Glancing into classrooms while walking through Anna L. Klein School in Guttenberg, you might observe one fifth grade teacher instructing on persuasive essays, another teacher explaining the use of the possessive apostrophe to her young students, and another teacher instructing students in using video streaming.
None of these activities is inherently unusual. But the way in which they are being given to students has changed with the introduction of SMART Boards into the classroom.
The Guttenberg Board of Education purchased these computerized “white-boards” with the $200,000 they received two school years ago through the federal government’s American Recovery Reinvestment and Recovery Act program. Each cost around $1,000, and they have been installed in 33 out of the 44 classrooms at the school. When state aid cuts struck the school budget last year, the rest of the funding went into saving staff positions.
“Learning doesn’t always have to be book learning.” – Donna Grzybodsky
He said the boards were a tool to get students interested in learning since, “if you have a student who is not interested or a student who is not engaged, [you can’t get them to learn] no matter what you do.”
Garrido said the school has started several new programs this year, in an attempt to get students more involved in learning. He said teachers have already begun “…to see a trend of improvement.”
Weekend and afterschool programs
Early Childhood and Grant Coordinator Donna Grzybodsky said that the district has started several after-school programs to work on student’s skills paid for with $700,000 in federal funding they received from No Child Left Behind. Last year they received $830,000, but she said they’ve managed to keep these programs continuing.
“It’s a Rap” is a project-based skills program that takes what students learned in the classroom during the week and turns them into hands-on activities on Saturday.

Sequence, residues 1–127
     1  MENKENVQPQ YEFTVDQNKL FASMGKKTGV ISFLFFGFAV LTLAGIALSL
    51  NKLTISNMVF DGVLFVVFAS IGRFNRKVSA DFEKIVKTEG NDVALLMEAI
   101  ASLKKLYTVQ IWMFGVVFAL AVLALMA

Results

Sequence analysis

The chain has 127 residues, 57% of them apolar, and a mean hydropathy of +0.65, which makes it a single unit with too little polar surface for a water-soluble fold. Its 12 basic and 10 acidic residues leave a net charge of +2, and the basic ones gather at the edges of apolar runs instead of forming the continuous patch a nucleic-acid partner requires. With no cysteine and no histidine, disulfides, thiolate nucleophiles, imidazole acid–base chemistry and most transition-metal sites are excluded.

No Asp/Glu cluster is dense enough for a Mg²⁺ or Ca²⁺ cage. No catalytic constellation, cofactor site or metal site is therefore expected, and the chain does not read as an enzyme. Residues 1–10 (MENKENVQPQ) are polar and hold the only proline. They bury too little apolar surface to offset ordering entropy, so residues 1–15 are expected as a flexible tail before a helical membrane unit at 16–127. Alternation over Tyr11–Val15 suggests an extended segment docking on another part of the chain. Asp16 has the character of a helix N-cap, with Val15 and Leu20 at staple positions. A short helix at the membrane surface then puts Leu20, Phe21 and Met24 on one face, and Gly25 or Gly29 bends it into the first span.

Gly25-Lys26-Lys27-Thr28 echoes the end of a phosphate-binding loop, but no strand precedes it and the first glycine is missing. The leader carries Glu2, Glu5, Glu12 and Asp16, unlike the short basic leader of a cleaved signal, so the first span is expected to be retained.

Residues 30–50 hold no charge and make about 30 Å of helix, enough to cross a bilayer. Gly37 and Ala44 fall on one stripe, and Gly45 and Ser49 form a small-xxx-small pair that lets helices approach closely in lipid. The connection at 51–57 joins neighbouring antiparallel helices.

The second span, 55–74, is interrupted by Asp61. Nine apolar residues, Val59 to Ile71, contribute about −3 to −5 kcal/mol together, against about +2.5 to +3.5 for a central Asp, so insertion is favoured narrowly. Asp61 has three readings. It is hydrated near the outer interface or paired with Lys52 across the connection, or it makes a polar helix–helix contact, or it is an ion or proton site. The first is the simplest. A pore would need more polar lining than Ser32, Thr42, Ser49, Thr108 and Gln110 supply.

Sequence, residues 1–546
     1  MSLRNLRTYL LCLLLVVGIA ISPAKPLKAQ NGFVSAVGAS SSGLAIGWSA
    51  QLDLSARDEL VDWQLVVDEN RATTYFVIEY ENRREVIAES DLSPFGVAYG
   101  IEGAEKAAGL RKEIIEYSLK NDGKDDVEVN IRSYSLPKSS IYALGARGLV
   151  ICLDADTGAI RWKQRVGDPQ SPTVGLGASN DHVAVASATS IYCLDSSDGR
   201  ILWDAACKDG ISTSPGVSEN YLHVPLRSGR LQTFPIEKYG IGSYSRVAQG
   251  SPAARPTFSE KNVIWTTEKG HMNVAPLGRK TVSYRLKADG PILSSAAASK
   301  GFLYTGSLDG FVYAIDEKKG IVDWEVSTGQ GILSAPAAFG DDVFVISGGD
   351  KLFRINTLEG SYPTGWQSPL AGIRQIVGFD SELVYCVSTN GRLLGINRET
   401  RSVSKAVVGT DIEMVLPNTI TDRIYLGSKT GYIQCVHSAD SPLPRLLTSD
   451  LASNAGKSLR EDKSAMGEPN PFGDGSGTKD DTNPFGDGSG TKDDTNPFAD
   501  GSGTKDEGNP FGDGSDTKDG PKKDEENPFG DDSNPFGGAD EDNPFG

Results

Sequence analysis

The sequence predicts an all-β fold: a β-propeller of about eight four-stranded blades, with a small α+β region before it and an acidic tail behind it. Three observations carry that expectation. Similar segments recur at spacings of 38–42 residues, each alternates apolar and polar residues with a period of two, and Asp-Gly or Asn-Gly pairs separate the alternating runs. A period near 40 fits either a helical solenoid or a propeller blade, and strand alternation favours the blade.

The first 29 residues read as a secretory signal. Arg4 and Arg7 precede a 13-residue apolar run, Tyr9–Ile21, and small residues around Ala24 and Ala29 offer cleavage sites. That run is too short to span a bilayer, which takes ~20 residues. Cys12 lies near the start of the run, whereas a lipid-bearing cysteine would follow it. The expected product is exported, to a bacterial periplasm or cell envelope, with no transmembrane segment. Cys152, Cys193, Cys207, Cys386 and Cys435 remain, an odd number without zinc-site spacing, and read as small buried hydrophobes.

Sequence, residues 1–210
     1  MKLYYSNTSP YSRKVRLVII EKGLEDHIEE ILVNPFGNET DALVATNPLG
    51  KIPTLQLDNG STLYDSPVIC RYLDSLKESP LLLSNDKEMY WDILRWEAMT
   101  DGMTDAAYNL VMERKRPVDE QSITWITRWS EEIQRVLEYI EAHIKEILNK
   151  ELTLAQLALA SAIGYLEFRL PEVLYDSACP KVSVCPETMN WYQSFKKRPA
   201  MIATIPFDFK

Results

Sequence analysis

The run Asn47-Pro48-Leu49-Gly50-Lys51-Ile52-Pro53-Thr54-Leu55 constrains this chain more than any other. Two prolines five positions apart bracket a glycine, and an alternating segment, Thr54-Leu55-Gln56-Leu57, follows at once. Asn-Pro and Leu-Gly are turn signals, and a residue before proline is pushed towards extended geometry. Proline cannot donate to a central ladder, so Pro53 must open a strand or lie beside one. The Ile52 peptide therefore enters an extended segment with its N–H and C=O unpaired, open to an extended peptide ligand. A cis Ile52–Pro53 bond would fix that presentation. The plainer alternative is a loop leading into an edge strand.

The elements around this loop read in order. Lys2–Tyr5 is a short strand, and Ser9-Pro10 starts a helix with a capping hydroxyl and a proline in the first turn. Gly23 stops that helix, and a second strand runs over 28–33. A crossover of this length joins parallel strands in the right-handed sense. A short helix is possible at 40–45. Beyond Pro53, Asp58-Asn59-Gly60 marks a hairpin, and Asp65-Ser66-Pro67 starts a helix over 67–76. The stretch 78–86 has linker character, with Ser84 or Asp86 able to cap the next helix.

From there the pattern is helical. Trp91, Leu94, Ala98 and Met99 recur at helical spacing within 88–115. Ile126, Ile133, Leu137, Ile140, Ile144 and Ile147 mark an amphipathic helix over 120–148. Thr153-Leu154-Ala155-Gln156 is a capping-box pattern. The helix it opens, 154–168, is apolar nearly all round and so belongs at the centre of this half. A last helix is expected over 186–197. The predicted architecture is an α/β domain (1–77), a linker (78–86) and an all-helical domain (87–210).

“Learning doesn’t always have to be book learning,” said Grzybodsky.
Twice a week after school, after being recommended by a teacher, guidance counselor, or parent, students from first through eighth grades can receive after school tutoring from not only one, but two teachers, who will help them with their homework, study and test taking skills for an hour.
The district is also considering making it mandatory that students who test below the standardized grade in the New Jersey Assessment of Skills and Knowledge (NJ ASK) must come in after school for extra help. They also have hired testing companies to come in, train their teachers to conduct test taking skills classes.
Grzybodsky said they try to do as much as they can with the federal funding they receive.
Saying no to bullying
Garrido said that they’ve begun a few programs aimed at educating students about cyber-bullying. Recently the district held a program called the “Power of One,” which taught students how they could stop bullying from happening, and had all sixth through eighth graders make a pledge not to bully their fellow classmates.
“A lot of children aren’t even aware that simple name calling or laughing when someone falls [is bullying], it kind of snowballs,” said Guidance Counselor Angela Trivelli-White.
Trivelli-White will also be training “conflict managers” in the sixth, seventh, and eighth grades to resolve their own problems by learning on how to identify problems, allow each side to speak, etc. She will begin training students once their parents sign-off on their participation.
“I think it’s going to be a very successful program,” she said.
Tricia Tirella may be reached at TriciaT@hudsonreporter.com.